Mark Briggs has been a real ale connoisseur for over 35 years. A self-professed ‘beer geek’, Mark visits East Lancashire’s pubs for his weekly column. Read of Mark’s straight talking views on ale at his website or follow him on Twitter @realaleupnorth

For this week's pub review, I make a return to Clitheroe — and I have to admit that it was influenced by the glorious weather of the day, as I took a most scenic journey from Nelson bus station, travelling through the villages of Pendle and the Ribble Valley.

The Swan and Royal, a former coaching house, was the chosen destination. A local hostelry dating back to the 1830s, it survived a serious fire in September 2009 and thankfully re-opened in February 2011 after an £800,000 refurbishment.

As I ascended the seven stone steps and passed through the decorative, frosted glazed, double-doors, I realised that the pub has retained lots of its original character.

It’s a very spacious, open-plan establishment with an attractive, long, curved wood-panelled bar — made more impressive by the brass footrail running the length of it.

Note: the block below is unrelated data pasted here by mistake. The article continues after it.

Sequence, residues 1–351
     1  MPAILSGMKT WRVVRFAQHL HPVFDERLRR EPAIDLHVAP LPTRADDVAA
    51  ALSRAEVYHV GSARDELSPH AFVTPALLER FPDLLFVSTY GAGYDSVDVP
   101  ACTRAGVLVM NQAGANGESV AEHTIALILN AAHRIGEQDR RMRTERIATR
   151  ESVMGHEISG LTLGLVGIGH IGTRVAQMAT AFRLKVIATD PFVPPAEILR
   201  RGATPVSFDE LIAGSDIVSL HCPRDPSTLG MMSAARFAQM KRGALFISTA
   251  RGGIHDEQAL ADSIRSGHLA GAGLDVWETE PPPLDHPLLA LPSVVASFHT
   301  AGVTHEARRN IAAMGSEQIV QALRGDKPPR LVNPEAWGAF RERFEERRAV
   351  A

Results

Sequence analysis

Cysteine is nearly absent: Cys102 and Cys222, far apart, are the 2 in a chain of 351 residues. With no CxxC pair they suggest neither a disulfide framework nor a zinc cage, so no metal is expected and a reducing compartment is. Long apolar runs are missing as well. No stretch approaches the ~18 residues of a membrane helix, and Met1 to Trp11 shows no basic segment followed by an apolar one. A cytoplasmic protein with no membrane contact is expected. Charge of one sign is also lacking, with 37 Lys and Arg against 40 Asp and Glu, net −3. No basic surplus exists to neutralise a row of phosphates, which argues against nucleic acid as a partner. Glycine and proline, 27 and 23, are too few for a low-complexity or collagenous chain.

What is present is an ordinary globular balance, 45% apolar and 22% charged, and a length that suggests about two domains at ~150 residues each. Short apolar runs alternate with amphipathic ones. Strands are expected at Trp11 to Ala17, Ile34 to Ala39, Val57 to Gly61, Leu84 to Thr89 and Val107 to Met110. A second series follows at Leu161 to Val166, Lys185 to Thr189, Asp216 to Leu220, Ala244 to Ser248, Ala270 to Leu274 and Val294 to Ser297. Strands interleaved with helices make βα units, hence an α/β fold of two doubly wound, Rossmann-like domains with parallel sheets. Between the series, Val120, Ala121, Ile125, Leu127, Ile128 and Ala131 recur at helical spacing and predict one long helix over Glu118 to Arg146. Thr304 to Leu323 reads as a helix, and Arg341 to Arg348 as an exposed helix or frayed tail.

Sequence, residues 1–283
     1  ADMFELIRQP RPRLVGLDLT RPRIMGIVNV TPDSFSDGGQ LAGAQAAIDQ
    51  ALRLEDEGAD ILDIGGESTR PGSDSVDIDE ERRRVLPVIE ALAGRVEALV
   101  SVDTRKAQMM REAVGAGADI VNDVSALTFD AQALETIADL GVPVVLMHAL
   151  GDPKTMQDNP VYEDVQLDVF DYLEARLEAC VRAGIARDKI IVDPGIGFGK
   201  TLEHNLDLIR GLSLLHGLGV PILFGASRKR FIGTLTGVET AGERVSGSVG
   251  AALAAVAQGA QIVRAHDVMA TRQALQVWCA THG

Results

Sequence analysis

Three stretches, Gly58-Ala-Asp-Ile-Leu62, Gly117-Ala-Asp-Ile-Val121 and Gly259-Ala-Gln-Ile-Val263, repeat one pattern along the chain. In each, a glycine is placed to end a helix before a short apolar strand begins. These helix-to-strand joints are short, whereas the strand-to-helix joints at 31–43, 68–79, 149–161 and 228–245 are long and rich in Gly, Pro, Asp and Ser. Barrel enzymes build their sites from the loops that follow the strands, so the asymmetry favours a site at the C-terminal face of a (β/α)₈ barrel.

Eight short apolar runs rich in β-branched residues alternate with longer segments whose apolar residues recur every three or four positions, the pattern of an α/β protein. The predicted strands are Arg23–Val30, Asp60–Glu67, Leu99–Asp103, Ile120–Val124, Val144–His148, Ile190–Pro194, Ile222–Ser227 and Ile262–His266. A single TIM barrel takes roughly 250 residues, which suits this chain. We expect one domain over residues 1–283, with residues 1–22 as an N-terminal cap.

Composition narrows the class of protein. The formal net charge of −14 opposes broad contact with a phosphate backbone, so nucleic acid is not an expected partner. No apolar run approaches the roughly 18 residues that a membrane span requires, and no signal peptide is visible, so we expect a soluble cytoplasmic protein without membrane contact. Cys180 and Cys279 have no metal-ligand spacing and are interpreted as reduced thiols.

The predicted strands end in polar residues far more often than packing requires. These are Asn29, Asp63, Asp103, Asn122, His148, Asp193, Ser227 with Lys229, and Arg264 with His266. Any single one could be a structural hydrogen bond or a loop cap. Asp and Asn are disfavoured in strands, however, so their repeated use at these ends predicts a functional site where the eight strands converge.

There had obviously been enclosed rooms in the past, as it has four open fireplaces. One is enormous, with a stone flagged hearth. A vertically challenged chappy like me could walk into it, without dipping their head — well, almost.

Two of the fireplaces are situated in the roomy dining area adjacent to the bar. It’s an area that boasts some fine old-fashioned tables and chairs — including a Victorian, high-backed settle (bench). Pictures of old Clitheroe adorn the walls in this area, as they do in the rest of the pub.

However, be aware of the low beamed entrance to this area. Even a titch like me has to take care. It has a sign that says ‘duck or grouse’, as well as the standard 'Please Mind Your Head'.

There were five hand pumps on the bar, including Jennings Bitter priced at £2.80 and Banks Bitter at £2.90. However, I went for the Marston’s Pedigree, a tad pricey at £3.05 but expertly pulled by Adam — and in good condition. He was a friendly and talkative young chap who interacted very well with the customers. It was pleasing to see.

The pub is an ideal place to have a quiet afternoon pint, or indeed a meal from their extensive menu. There were ‘Sizzling Specials’ on a chalkboard, with a choice of chicken, sirloin, pork and peppered rib-eye steaks. The pudding menu looked tempting too.

I found the environment most warm and relaxing. Sounds of the Seventies were playing in the background and added to the pleasant atmosphere.

A enjoyable jaunt to this fine Ribble Valley watering hole. One of quite a few, in this likeable market town.